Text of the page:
“Sleep deprivation can affect key aspects of relationship functioning, like your mood, your level of frustration, your tolerance, your empathy, and your ability to communicate with your partner and other important people in your life,” Troxel said.Poor sleep — and that resulting crummy mood — makes people “less able to engage in ‘perspective taking,’ or putting small adverse events in context,” said sleep specialist Rebecca Robbins, an instructor in the division of sleep medicine for Harvard Medical School, who coauthored the book “Sleep for Success!”

    That strain can contribute to depression, anxiety, and other emotional and relationship dysfunction, Robbins said.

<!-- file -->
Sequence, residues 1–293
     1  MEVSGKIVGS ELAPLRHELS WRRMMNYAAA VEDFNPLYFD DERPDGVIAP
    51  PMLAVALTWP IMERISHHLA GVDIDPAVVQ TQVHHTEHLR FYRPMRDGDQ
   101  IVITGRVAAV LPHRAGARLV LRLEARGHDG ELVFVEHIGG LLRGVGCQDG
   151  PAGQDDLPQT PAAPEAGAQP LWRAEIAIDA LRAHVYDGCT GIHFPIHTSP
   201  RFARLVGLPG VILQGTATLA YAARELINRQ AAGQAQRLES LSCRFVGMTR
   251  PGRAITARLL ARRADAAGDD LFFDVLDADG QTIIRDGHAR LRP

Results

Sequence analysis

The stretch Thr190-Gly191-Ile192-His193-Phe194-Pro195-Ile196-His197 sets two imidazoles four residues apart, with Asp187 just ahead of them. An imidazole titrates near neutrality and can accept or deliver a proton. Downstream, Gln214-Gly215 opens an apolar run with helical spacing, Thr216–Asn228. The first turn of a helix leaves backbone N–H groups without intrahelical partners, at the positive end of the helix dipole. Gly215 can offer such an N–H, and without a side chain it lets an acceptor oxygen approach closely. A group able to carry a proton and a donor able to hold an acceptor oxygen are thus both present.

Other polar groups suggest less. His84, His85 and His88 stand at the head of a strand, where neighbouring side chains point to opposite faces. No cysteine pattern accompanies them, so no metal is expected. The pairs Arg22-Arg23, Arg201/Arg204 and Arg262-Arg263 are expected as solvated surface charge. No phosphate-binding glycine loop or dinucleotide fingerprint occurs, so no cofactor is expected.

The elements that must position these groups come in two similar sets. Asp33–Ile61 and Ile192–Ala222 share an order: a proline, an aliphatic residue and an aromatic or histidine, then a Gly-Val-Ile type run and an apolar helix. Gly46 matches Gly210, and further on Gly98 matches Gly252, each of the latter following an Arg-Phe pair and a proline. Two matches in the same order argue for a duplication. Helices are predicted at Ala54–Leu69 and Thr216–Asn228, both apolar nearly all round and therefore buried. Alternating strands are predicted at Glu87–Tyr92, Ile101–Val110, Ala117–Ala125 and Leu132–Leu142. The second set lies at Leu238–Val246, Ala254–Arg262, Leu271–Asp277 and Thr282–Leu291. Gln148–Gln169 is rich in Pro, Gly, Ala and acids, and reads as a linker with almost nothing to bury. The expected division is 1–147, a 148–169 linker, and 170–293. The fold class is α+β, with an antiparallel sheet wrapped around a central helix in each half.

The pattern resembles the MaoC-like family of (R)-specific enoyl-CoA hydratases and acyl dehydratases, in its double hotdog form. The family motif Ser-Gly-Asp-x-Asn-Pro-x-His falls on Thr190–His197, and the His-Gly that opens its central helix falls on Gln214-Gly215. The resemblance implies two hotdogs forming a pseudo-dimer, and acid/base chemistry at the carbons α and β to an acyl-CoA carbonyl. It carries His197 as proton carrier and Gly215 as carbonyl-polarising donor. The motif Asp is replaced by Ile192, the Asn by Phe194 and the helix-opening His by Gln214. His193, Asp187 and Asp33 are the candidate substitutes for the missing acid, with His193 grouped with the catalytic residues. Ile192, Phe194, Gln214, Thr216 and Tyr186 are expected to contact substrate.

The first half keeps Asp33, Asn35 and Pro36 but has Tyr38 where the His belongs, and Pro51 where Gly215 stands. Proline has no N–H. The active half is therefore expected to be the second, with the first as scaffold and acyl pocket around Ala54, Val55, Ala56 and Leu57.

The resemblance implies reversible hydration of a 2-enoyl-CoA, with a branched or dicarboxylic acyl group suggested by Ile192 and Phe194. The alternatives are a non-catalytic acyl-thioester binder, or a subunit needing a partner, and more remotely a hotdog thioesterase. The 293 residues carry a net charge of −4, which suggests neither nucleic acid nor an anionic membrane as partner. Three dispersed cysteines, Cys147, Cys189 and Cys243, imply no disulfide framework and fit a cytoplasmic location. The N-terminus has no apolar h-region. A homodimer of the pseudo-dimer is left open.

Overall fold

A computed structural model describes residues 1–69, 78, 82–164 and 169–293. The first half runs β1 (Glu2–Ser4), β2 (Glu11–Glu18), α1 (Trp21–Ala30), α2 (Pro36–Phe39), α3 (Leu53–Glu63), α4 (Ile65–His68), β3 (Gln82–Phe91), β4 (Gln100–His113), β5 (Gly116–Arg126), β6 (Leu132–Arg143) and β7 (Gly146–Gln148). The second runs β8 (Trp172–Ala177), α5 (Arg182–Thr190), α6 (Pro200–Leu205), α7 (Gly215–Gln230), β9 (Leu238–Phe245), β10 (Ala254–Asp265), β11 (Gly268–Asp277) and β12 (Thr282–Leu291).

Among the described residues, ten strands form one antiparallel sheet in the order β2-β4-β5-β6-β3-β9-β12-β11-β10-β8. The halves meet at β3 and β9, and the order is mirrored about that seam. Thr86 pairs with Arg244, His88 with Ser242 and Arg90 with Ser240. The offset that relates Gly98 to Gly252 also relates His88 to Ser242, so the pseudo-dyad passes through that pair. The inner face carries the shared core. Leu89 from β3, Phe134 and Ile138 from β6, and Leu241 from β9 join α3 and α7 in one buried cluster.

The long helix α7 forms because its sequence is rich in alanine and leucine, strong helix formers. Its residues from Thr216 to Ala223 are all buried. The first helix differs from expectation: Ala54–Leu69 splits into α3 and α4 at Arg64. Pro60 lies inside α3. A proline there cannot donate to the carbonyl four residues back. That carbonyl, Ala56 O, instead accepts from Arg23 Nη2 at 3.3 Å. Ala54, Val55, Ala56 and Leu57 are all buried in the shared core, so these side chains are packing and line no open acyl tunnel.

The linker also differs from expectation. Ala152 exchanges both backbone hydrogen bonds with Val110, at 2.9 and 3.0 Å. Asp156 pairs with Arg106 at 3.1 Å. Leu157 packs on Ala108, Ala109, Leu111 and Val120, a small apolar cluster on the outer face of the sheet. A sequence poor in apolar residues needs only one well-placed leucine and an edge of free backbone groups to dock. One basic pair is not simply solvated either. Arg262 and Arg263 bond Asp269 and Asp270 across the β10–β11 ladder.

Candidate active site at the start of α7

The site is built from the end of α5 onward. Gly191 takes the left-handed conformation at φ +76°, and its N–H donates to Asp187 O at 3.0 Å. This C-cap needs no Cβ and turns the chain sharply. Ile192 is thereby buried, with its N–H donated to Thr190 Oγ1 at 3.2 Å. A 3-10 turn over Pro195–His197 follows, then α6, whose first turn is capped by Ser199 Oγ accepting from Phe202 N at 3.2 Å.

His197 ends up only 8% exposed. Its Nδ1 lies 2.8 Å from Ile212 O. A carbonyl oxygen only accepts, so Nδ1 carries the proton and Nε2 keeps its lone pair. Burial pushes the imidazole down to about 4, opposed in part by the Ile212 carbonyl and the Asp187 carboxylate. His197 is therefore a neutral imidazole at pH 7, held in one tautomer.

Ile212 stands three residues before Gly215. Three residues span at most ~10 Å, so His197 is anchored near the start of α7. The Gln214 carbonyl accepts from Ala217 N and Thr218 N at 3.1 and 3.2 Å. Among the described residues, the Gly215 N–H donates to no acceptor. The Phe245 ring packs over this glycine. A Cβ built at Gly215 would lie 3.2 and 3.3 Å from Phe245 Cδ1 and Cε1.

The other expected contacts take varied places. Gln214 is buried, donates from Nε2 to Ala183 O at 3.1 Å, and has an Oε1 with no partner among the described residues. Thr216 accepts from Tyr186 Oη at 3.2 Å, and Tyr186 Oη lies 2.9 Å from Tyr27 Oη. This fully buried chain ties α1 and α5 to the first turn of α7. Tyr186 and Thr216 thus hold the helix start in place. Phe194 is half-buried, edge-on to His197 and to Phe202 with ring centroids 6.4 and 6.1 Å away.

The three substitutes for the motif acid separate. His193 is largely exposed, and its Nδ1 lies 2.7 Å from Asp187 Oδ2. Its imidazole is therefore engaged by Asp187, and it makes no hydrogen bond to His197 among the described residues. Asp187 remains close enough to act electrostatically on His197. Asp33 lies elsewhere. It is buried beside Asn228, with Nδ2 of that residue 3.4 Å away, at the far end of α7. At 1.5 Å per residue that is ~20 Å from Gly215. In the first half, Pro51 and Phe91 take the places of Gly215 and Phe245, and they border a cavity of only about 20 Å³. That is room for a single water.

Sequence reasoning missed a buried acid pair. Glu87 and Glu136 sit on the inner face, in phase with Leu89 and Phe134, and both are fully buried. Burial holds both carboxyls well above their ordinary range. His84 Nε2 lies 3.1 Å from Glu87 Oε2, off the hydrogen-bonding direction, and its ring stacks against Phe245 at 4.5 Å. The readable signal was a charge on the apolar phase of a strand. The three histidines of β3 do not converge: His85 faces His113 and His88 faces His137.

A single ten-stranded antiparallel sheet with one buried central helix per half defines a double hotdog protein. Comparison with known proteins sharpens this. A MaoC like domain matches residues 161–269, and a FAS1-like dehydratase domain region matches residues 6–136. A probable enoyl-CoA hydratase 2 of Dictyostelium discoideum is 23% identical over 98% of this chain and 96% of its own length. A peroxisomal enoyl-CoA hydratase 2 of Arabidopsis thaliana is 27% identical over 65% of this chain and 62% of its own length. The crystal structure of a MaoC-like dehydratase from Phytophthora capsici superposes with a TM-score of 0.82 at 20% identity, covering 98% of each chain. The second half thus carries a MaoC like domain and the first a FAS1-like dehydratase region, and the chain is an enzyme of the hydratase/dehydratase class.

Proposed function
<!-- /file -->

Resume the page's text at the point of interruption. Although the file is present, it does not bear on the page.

Sleep training for adults prevents depression, study findsResearch done by Troxel and her team found that a well-rested person is “a better communicator, happier, more empathic, more attractive and funnier” — all traits that are key to developing and sustaining strong relationships, she said.Sleeping apart can help couples be happier, less resentful and more able to enjoy their time together in bed, particularly on weekends when work demands are lighter, Troxel said.”I tell couples to try to think of it not as a filing for sleep divorce, but as forging a sleep alliance,” she added. “At the end of the day, there is nothing healthier, happier and even sexier than a good night of sleep.”https://www.cnn.com/audio/player?episodeguid=85e00da6-889c-4c66-a203-adb70011ee08&parentOrigin=https%3A%2F%2Fwww.cnn.com&canonicalUrl=https%3A%2F%2Fwww.cnn.com%2F2021%2F12%2F04%2Fhealth%2Fsleep-divorce-wellness%2Findex.html